DISCUSSION

In lesions of the lower brachial plexus that involve the last 2 roots (C8, T1), some of the functions of the median nerve are affected. Sensory function is main­tained, and involvement is mainly of the motor function of the PFG and the medial fascicular group of the median nerve, with preservation of the function of the anterior fascicular group (AFG). The AFG is mainly motor, and it innervates the PT and flexor carpi radialis muscles, which still function in lesions of the inferior trunk. The medial fascicular group carries all the sen­sory fibres to the hand and retains this function, but it also contains some motor fascicles of flexor digitorum superficialis and the motor fibers to the hand in which the muscles are paralyzed. The PFG is also mainly motor and carries fibers of the AIN, which innervate the

FDP of the thumb, index, and middle fingers, FPL, and pronator cuadratus.5 The priority in paralysis of the lower 2 roots is to recover flexion of the digits so that the PFG should serve as the recipient for nerve transfer.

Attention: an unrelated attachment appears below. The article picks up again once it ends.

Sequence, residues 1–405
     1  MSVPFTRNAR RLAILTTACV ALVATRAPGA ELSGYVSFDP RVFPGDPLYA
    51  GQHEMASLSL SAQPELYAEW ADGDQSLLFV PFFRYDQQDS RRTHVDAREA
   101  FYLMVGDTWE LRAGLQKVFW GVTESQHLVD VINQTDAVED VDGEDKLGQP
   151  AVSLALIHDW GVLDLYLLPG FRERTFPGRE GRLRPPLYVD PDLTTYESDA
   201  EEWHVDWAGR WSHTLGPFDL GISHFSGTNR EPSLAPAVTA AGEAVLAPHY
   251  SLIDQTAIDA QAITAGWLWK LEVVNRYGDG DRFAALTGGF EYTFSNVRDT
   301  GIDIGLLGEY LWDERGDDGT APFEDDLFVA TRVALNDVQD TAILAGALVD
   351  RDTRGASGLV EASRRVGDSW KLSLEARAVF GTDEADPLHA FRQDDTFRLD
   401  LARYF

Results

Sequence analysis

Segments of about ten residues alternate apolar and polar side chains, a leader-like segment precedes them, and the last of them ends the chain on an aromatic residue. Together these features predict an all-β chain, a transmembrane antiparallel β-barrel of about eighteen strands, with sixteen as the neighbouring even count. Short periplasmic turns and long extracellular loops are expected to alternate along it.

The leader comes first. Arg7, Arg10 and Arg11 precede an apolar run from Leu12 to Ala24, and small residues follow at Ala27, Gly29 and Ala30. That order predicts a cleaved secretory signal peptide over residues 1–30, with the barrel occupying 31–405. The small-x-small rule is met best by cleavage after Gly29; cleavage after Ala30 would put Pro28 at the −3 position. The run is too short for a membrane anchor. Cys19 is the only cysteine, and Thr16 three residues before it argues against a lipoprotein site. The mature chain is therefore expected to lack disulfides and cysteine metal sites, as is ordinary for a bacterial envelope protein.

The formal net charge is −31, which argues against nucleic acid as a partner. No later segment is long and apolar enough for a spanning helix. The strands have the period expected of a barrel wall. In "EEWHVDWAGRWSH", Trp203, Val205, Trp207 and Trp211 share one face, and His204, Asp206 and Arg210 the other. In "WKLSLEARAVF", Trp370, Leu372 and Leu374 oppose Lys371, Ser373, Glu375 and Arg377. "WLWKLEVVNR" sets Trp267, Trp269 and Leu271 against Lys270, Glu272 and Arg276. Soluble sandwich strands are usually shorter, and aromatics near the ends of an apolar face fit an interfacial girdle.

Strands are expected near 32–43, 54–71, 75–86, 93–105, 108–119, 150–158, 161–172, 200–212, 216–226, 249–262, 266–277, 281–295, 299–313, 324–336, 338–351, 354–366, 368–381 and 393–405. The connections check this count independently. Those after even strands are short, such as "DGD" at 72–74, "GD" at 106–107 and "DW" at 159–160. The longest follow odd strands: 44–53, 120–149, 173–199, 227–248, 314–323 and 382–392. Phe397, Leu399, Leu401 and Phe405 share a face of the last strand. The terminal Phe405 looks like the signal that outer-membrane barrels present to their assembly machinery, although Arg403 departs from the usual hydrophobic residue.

The brachioradialis is an accessory muscle for flex­ion of the elbow and an accessory supinator when the arm is maximally pronated. Because it does not play an important part in flexing the elbow, its denervation does not cause functional impairment of this movement.

Figure 4

FIGURE4: Intraoperative photograph showing the coaptation of the BRMB transferred to the AIN. The completed nerve repair rests on the rubber background.